Ebrahim Moosa – Comment | 04 Muharram 1435/29 October 2014

An affair that began with much pomp and fanfare over a decade ago hurtled to its demise this week, with the subdued announcement of the withdrawal of  thousands of British forces from Afghanistan, in a process that is said to conclude by the end of the year.

Few would forget the bombastic pronouncements made by US war criminal George W Bush of his “crusade” in the days leading up to October 7, 2001, the day whereon a supposedly global coalition began plumelling Afghanistan.

Operation Enduring Freedom, as it was called, purportedly targeted Afghanistan seeking retribution for the 9-11 events in the USA. Stated objectives included the destruction of ‘terrorist’ training camps and infrastructure within Afghanistan, the capture of ‘al-Qaeda’ leaders, and the cessation of ‘terrorist’ activities within the country.

In the brouhaha that ensued following the tragedies in New York and Washington, the campaign was an easy one to sell, and the voices of reason were almost effortlessly drowned out. Sincere offers made by the Taliban to hand over Osama bin Laden to face justice were rebuffed, questions about Western energy interests in the region went unanswered, and alleged Afghan involvement in the events of September 11 were never proven.

Back then, even sworn US allies such as the Pakistani President Pervez Musharraf were warning America and her allies of the devastating consequences of getting embroiled in an intractable conflict in a country known to be the ‘Graveyard of Empires’.

“In no way will we use our troops to invade and attack Afghanistan,” Musharraf reportedly informed then US Secretary of State Colin Powell. “You [Americans] will leave soon after and we will be left with the rage of the indomitable Afghans”.

But Bush and Co. were in no mood to see their meticulously drafted ‘Plan for a New American Century’ derailed. In his typical gung-ho manner, the Texan President spent much time mouthing threats of seeking out the manufactured ‘fugitives’ dead or alive, and smoking the bad guys outta their holes. Through aerial bombardment, boots on the ground, bribery, massacres and collateral damage, people(Afghan, Brit and American alike) were sacrificed for profits, but all throughout the architects remained stubbornly oblivious of any potential consequences.

Fast forward to 13 years and a few days later, and the world has evolved rapidly from the foundations of tyranny with Bush erected. Bush no longer rules America, and the Taliban are no longer governing the whole of Afghanistan.

But what is overwhelmingly clear, as was foreboded, is that the rage of the Afghans has revealed itself with a scornful vengeance.

Already in 2012, a secret US military report was confessing that the Taliban were confident they can win in the Afghanistan conflict, and that they had the popular support that was needed to govern again.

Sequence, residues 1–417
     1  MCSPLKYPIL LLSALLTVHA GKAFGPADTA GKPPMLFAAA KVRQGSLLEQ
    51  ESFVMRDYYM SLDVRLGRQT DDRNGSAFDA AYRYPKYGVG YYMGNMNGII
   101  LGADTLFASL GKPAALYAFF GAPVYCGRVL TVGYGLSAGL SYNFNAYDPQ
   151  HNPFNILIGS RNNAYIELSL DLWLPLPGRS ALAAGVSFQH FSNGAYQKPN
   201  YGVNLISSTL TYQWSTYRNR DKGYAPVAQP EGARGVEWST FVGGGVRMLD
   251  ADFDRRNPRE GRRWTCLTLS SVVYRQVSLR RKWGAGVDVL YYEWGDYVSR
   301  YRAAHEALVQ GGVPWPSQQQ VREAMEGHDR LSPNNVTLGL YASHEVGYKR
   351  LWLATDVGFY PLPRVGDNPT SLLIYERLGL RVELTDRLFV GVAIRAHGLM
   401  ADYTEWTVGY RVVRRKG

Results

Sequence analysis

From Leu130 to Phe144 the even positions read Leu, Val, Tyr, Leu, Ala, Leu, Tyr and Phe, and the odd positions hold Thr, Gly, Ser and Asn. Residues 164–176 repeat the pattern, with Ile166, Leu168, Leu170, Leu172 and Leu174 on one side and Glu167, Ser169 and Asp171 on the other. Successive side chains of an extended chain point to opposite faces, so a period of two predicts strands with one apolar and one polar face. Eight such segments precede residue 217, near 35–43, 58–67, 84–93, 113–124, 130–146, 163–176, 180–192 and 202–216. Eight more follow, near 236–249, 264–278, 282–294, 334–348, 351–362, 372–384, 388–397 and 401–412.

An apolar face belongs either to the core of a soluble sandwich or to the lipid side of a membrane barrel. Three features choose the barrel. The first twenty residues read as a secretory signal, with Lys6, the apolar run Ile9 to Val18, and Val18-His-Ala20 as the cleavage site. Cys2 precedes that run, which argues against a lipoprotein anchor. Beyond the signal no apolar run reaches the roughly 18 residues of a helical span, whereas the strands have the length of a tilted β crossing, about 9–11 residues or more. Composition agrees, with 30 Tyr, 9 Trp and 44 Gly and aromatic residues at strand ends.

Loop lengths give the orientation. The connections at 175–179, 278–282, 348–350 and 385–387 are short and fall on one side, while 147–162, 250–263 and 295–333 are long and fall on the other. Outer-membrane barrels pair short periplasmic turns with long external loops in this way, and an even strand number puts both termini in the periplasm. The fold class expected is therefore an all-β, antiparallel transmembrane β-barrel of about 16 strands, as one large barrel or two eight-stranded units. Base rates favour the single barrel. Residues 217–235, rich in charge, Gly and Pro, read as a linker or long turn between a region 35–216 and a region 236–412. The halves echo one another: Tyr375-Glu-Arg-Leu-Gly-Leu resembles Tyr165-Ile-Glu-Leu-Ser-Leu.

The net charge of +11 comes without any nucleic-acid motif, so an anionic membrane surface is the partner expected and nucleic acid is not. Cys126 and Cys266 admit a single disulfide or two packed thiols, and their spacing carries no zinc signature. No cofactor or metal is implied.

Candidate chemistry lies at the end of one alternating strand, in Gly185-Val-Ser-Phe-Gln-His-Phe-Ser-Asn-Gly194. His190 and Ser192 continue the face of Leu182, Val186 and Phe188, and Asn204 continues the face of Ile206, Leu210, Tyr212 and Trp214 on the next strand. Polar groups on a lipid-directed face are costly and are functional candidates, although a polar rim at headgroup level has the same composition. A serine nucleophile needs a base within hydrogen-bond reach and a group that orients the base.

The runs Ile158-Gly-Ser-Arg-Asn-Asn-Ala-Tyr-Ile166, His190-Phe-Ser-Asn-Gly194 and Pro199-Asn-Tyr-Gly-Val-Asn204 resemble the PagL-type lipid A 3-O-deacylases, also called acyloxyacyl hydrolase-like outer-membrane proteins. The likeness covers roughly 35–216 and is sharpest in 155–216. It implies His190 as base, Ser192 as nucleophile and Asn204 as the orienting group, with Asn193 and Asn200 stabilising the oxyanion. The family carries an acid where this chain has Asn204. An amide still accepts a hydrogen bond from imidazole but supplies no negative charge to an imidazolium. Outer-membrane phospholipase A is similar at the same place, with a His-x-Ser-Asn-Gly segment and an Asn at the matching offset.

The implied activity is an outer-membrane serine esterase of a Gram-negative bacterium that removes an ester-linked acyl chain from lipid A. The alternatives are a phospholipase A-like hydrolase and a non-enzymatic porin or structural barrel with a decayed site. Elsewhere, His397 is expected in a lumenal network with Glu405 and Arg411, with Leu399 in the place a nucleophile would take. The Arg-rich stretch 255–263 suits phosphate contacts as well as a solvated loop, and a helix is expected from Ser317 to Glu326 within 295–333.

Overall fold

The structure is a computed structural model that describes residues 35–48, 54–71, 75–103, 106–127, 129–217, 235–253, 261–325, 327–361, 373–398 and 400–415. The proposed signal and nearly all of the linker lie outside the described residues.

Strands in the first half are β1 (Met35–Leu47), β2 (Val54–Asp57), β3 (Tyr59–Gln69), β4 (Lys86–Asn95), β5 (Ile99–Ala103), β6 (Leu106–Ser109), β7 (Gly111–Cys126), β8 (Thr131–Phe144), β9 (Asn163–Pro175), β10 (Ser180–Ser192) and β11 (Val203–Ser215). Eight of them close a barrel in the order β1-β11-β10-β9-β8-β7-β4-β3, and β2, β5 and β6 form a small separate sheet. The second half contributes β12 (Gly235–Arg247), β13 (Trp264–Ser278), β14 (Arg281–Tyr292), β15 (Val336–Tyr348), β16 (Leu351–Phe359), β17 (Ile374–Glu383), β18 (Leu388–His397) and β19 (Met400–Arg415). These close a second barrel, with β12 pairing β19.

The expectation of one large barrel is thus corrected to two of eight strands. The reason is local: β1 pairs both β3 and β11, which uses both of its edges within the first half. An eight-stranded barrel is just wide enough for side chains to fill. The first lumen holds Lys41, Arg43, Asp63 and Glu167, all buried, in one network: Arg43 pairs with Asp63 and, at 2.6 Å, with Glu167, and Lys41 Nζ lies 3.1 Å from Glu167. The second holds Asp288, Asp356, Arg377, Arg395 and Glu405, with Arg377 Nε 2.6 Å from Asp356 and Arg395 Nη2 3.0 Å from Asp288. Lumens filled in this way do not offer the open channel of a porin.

The report, The State of the Taliban 2012, concluded that the Taliban’s strength and morale were largely intact despite the Nato military surge, and that significant numbers of Afghan government soldiers were defecting to them, in stark contrast to Nato’s far more bullish official line, that the insurgent movement has been severely damaged and demoralised.

According to published excerpts reported on by the Guardian, the report also found that Taliban commanders, along with rank and file members, increasingly believed their control of Afghanistan was inevitable. Though the Taliban suffered severely in 2011, the report said, its strength, motivation, funding and tactical proficiency remained intact.

There were fears expressed in the West already back then, that the alarm prompted by such candid assessments would inevitably get members of the Nato coalition panicky and see them rush for the earliest exit from the quagmire.

These were soon realised, with France leading the way, and other coalition partners keenly following suit.

Even Britain, described by the Guardian’s Simon Tisdall as “Washington’s most loyal satrap”, made it known that it will not be left “holding the baby” in Helmand province as others pull out.

And pull out it sure did.

This week it was reported that British troops ended combat operations in Afghanistan as they and US troops handed over two huge adjacent bases to the Afghan military, 13 years after signing up to the US-led invasion of the mountainous country.

The troops, said the Associated Press, handed over the baton to Afghan forces on Sunday at camps Bastion and Leatherneck, in the southwestern province of Helmand.

Such was the peril the Brits had grown accustomed to facing in the country that even the timing of their withdrawal had not been announced for security reasons.